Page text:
Winding Down With Wolf Trap
Apr 22, 2022
Wolf Trap’s Valerie Carroll Helps Establish Bedtime Routines for Prince George’s County Families with Baby ArtsPlay!™
It’s the end of the day, and you’re exhausted from a hard day’s work. You’ve just finished cleaning up the dishes, and now it’s time to get your children ready for bed so you can have a few minutes for yourself. Down the hall your children go to gather their pajamas, brush their teeth, and get ready to hear a bedtime story. After which, you turn off the light and you are just about to close the door when you hear, “But I’m not tired yet…”
“Why won’t my child go to sleep?” It’s a common challenge for many parents of young children, and one that Megan LaVeck and Sarah Lubin, teachers from Prince George’s County Public Schools’ (PGCPS) Infants & Toddlers Program, have heard from their own students’ parents. So, when they were given an opportunity to work with Wolf Trap Master Teaching Artist Valerie Carroll for what was to be a five-session Baby ArtsPlay!™ residency, they presented her with a challenge: help us develop a bedtime routine that parents can use at home─but with arts content that makes it fun and accessible.
It was a challenge that was new for Carroll, but one she was happy to accept. “Children need predictable routines,” Carroll acknowledges. “Knowing what to expect gives children a sense of comfort and security, which is especially important at bedtime.”
Together, Carroll and her teaching partners came up with a format that parents could easily incorporate into their children’s nightly routines. They repeated the same greeting, gratitude song, and lullaby every session, and included a guided breathing experience for settling down.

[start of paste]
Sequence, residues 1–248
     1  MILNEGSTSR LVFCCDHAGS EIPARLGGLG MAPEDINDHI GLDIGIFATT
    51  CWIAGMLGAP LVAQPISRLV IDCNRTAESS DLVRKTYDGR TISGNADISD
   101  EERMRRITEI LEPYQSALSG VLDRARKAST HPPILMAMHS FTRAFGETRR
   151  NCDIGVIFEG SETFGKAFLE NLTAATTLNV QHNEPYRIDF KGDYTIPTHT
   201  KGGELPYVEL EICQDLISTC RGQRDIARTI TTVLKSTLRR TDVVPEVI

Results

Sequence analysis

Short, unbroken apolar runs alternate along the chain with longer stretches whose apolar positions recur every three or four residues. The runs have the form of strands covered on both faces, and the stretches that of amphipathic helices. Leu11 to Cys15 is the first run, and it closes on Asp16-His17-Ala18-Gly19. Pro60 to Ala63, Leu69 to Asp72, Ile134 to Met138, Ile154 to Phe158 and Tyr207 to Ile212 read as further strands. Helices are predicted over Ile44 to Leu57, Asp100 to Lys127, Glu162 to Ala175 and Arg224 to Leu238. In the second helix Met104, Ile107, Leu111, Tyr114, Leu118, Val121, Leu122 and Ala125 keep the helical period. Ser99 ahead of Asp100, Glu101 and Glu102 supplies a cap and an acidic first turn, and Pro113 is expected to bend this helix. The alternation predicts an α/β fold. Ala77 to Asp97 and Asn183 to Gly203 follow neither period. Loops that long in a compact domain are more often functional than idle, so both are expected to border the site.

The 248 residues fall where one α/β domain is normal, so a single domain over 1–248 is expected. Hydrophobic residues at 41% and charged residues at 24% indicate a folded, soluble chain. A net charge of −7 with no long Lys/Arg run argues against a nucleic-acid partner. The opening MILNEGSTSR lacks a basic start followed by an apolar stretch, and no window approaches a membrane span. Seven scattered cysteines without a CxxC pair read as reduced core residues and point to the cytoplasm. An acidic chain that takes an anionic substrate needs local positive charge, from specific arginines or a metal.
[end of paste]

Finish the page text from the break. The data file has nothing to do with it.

“We always feature a book so we’re also building competency in literacy and language,” says Carroll. “Singing is soothing and helps with language acquisition and vocalization skills in children learning spoken words. Dance and creative movement build motor skills and give excess energy a place to go so that children are ready to rest.”
“All of these performing arts-based strategies provide parents with tools that can transform a bedtime battle into an opportunity to play and bond with their children while meeting an important goal,” she adds.
The response to the initial residency session was so positive that the district added ten more sessions, extending the residency to the end of the school year. “There’s a core group that has attended very regularly so we’re building on that foundation,” says Carroll. “One night we had a mom and daughter logged on from home and her dad logged on from a military base in another state where he was stationed for several weeks. He even brought his teddy bear! It was a way for their family to be together.”
“Winding Down With Wolf Trap,” which takes place virtually, has opened up an entirely new offering to Prince George’s County parents that would not have been possible without the integration of online learning. The residency also gives teachers an extra opportunity to connect with parents and caregivers and incorporate them more directly into their child’s learning.
“This program is totally unique in the way it directly serves families,” says Carroll. “Pre-pandemic, we would never have conceived of an online service that would be able to meet a specific need of families─ literally─where they live. It brings the performing arts into students’ homes in a very tangible way that enhances family life and helps solve a shared problem.”
Carroll’s work with PGCPS will continue through June, and she is planning a similar residency for other school partners. “I think this program has the potential to go viral,” says Carroll. “And I’m having a blast!”
For more information about Wolf Trap’s Baby ArtsPlay! and ArtsPlay!™ programs for children under six, visit wolftrap.org/education/classes/children-under-6.
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